Freytag’s Pyramid is a diagram to explain the general plot structure of dramatic works such as novels, film or plays. We’d like to believe that in real life our journeys are unique. Though each experience molded by unique events and variability, there are undeniable patterns between them.
For someone who moves out of their country to live abroad, this is no exception. As such, I made a tailored version to fit the journey of the expat, using relationship analogies:
Let me show you what I mean…
(1.) The Move:
This period is more about the transition from the previous chapter of your life than it is about the actual place you move to. Before newlyweds really begin to enjoy one another, they must make peace with the fact that their single life is in the past now; that they must move on.
(2.) The Honeymoon Phase:
Like in a marriage, this is a period of being totally mesmerized and enamored. You notice the beauty in small details and wake up grateful every day. When I was in it, here, it didn’t matter how bad of a day I was having, I would look at Los Cerros (the mountains) off to the east and instantly feel calm, again.
(3.) The Lovers’ Quarrel:
Remember that new spouse who had the most precious nose? And you could stay awake just watching it sit there on that pretty face as it snored adorably? Well, little by little, that precious nose and adorable snore become less and less precious and adorable. You notice, now, that the pores in this nose are HUGE and that there two families of blackheads living in gated communities above each of your lover’s nostrils. One day, you stop thinking about everything that is where you live and only think about everything it isn’t. It begins to have prison-like qualities. It is your ball-and-chain. You yank the covers to your side of the bed, because, in a way, you feel cheated.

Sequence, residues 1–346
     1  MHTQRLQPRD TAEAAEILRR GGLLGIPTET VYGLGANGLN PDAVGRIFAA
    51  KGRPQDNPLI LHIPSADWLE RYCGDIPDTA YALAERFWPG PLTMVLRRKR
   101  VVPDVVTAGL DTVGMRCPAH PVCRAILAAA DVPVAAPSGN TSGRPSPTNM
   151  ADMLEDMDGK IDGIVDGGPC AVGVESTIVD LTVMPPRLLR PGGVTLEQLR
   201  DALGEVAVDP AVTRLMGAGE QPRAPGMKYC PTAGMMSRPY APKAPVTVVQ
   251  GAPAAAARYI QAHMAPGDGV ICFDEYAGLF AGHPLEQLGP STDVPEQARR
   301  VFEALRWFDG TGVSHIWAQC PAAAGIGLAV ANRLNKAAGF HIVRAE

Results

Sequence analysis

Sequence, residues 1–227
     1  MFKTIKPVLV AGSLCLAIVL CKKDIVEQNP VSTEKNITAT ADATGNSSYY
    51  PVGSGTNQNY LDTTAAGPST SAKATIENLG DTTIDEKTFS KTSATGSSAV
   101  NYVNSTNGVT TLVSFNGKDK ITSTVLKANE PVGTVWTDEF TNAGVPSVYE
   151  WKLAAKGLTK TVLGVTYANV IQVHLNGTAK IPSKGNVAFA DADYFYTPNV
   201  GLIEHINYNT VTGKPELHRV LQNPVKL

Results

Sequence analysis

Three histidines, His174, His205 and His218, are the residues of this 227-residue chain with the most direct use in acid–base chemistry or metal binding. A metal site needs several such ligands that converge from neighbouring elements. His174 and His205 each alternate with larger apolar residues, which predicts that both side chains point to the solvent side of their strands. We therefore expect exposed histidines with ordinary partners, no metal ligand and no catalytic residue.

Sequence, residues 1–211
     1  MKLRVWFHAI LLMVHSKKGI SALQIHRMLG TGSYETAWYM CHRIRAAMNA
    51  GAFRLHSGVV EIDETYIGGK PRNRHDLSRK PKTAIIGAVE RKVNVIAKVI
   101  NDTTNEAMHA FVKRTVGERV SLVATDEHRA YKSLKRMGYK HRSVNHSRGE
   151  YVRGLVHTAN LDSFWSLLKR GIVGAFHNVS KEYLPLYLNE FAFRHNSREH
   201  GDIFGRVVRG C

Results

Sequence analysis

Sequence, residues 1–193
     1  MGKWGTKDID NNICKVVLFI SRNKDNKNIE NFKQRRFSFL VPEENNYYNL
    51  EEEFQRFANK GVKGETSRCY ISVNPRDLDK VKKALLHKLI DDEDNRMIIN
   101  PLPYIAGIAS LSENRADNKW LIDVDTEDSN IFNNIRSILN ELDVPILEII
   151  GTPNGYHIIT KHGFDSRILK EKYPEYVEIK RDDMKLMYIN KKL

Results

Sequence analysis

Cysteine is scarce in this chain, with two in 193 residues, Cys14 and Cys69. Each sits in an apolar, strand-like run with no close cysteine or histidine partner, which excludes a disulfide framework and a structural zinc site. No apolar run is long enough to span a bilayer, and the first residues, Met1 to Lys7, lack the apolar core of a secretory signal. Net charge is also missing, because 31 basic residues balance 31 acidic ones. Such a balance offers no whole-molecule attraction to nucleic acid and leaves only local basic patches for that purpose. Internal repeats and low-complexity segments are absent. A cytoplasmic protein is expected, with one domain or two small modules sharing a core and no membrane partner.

For me, this stage came when I began piling work onto my schedule. At first, it felt great: I contracted classes for myself without any sort of institute or agency; I perfectly factored in the time needed for commute by bike; I was making money; I was gaining experience. I was working about five, 2-hour classes each day; plus commute, which was about two hours of commute each day; plus lesson planning and cooking my meals in the evening. I was clocking in at about 5-6 hours of sleep a night, which began taking a toll on my nerves. To make matters worse, the construction for a six-story apartment building was in full-swing outside my window. (The construction is still happening, now, by the way, but at least there isn’t a concrete truck churning thunderously anymore.) All this bustle (a) made naps impossible and (b) brought dozens of hungry-eyed construction workers in to the neighborhood. Even when leaving my house at 7 AM, I would get attention in the form of flagrant staring or hissing or whistling or kissy faces or grunts or grumbling some other sort of unwanted two cents directed my way.
I began thinking about how Bogotá was chipping away at me: I had even begun shaving my arm pits, which compromised a preference I had rocked for the past year. It brought me great pride to use my body to say, “The media cannot tell me what is beautiful and what I should feel ashamed of.” Alas, as a woman in a South American country and particularly as a foreign woman, I got to the point that I wanted to do anything and everything in my power to not call attention to myself. I put my shorts back into the suitcase collecting dust under my bed. I stopped going for jogs. The rumble from construction drilling plus living near a major highway made the outside world feel uncomfortable and repelling from the moment I woke up. I felt stuck and resentful.